Raising a Biracial Son

When I took my newly born son from the nurse's arms, I did the expected counting of his fingers and toes. I checked under his cap for hair and flexed his little limbs. Once confident he was whole and healthy, I began to wonder how dark his skin would get. As a black woman married to one of the world's fairest men, I worried that our son would be so light-skinned as to appear Caucasian, and I wanted him to look black. After we all came home from the hospital this past June, I Googled newborn eye color to reassure myself that Gabriel's eyes wouldn't change from my shade of brown to my husband's green. I brushed up on my genetics, and though I discovered that curly hair is a dominant trait, Gabe has straight brown locks that stick up in a cowlick just like his dad's—not the wild curls I struggle to keep under control. Undaunted by these failures to find Gabe's blackness, I inspected my son's skin daily for the Mongolian spots common in African-American babies, but his skin was as smooth as … alabaster.

It was time to face facts. One day, I would be an old black lady hanging on the arm of a young white man who passersby would think was an obliging stranger but who was actually my offspring. It didn't help that everywhere my new nuclear family went, we were told that our son was the picture of his father, and, well, he is. So I began to wonder, if it's never much bothered me that I'm a different color from my husband, why was I as rigid as a Klan member when it came to identifying my son's race from birth?

It never occurred to me then that if people thought my son was white, it might make life easier on him. Obviously, I was not interested in logic. I just wanted to claim Gabriel for "my" side—in league with his mother against small minds, casual racism and discrimination. So even though Gabe still appeared Caucasian, I grew more obsessive in my racial cataloging. I'd ask my spouse embarrassingly leading questions: "Do you think you have a black son?" "Is it weird having a black kid?" "Would it be strange for you if Gabe became the second African-American president?" To his credit, he tried to answer in good faith until a particularly brutal interrogation when I heard him jokingly mutter to Gabe that "Mommy's racist against us white people." It sounded absurd to hear Gabe described as white even though I myself had been saying things like "I hope he darkens up" and "He looks Dutch." Clearly, I had become so eager for my son to be black that I was tiptoeing across the line from mildly offensive to racist. Not to mention that at that moment in time, it was even more absurd to call him black. Can you imagine the reverse scenario? Gabe born dark-skinned and my husband saying, "I hope he gets whiter"?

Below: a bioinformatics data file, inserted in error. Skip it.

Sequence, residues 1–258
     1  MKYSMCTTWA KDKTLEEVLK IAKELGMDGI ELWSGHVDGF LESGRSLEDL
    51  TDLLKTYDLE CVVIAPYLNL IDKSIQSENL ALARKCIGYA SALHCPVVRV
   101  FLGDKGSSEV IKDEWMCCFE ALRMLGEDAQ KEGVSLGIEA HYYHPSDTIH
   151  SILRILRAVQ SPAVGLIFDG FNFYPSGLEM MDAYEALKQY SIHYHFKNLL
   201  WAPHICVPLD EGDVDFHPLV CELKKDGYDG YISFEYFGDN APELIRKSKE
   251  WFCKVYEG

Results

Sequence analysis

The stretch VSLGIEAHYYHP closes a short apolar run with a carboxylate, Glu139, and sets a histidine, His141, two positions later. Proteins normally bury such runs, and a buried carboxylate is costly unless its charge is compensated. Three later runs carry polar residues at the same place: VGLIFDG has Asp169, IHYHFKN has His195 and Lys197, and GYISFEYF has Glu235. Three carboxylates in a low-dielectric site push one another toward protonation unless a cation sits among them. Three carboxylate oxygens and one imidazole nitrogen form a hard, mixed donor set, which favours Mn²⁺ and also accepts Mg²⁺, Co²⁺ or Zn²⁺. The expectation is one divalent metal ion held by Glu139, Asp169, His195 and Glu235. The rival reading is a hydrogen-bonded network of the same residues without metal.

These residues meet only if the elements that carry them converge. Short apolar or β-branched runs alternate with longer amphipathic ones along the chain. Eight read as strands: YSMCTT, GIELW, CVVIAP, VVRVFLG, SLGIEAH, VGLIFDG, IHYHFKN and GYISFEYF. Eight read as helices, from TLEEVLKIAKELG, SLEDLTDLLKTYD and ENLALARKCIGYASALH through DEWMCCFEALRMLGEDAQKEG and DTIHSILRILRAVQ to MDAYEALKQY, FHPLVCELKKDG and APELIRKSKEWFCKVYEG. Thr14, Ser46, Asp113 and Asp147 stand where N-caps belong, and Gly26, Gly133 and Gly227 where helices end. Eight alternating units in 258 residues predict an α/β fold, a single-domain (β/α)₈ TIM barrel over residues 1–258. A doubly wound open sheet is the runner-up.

But by his third month, Gabe's skin tone began to darken and my hormones leveled off; I can now report that, seven months after his birth, Gabriel is the exact shade you'd get if you mixed his father and me up in a paint can—a color I call golden. This has made me realize that I want Gabe to be proud of his entire heritage. Why does my son have to bear the legacy of a one-drop rule that is the direct intellectual descendant of slavery and Jim Crow? The very concept, that even the smallest amount of black blood in your ancestry makes you African-American, harks back to the early 20th century when states including Texas and Virginia passed laws to protect the "purity" of the white race. Is this really a concept that needs to be perpetuated? And though I'm loath to admit it now, maybe I just wanted my son to be black because many people in this society think and say awful things about races that aren't theirs. I couldn't bear to worry that my son was thinking and saying those things about black people, about me.

But for Gabriel's sake, I'm going to try to stop playing the black-vs.-white game, since my son is actually neither white nor black. He's biracial, and there are hundreds of thousands of little golden children out there just like him. One of them even grew up to be president of the United States. The latest U.S. Census numbers indicate that there are 4.9 million biracial Americans. That's 1 million more "mutts," to quote President Obama, than in 2000 when the census began allowing Americans to identify themselves as more than one race. Indeed, in that census, 823 people identified themselves as a combination of six races.

New mothers being insecure, I've now begun to wonder whether my constant harping about skin tone warped my infant son for life. Did I already doom him to rebel against my dichotomous racial regime, reject his blackness altogether and move to the Netherlands, the land of his father's people? Or maybe he'll grow up to look upon his father as the Man, his mother as a race traitor, and move to Namibia to start a new black-separatist movement? Or maybe he'll just be himself, because when you juxtapose Obama's comments about society with the reality of his election, isn't the real secret of American freedom that we don't have to accept the roles that society assigns us? Our newly elected president ignored the racial stereotyping that seemed to limit what he could accomplish in this country—and he didn't do it by passively accepting society's assessment of his skin tone. Perhaps as the number of multiracial Americans continues to grow, there will be a plurality of golden people who are impossible to positively identify as one race or the other. And the rest of us who can be easily categorized will be forced to accept that color does not contribute to the content of one's character because we won't know which set of stereotypes to apply to whom. I want my son to grow up wearing his biracial heritage like an invisibility cloak, able to move unseen among people's prejudices—impervious to racial profiling. But I will prepare him for a world that may think he is black or white, even though he is golden.